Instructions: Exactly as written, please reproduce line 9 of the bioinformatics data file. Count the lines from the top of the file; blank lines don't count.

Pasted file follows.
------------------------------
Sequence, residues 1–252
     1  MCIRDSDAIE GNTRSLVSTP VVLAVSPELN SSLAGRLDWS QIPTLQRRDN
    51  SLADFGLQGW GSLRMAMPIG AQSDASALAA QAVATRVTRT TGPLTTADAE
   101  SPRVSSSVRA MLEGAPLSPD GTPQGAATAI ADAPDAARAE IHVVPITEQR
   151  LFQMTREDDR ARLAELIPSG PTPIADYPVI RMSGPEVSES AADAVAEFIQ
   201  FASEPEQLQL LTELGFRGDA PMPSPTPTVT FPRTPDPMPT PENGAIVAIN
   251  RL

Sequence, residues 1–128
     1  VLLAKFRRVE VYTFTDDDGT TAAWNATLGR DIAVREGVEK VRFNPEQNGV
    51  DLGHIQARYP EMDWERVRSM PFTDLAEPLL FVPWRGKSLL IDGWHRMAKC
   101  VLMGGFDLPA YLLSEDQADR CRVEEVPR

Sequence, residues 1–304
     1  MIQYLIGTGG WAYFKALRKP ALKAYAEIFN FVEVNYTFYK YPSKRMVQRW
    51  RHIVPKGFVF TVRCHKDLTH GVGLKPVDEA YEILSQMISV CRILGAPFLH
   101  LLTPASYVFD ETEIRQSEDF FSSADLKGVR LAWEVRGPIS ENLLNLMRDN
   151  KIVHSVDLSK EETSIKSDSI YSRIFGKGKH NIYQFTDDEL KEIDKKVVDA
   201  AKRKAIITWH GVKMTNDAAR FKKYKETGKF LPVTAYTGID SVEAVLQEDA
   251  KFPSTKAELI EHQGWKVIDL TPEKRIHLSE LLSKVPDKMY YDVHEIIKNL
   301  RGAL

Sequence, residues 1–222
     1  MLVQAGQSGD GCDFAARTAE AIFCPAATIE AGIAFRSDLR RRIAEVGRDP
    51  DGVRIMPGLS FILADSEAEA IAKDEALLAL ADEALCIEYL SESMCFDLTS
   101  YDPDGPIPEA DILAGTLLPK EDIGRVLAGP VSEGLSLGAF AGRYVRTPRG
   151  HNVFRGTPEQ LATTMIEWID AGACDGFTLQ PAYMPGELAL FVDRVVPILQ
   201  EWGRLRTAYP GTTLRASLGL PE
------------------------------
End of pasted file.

     1  VLLAKFRRVE VYTFTDDDGT TAAWNATLGR DIAVREGVEK VRFNPEQNGV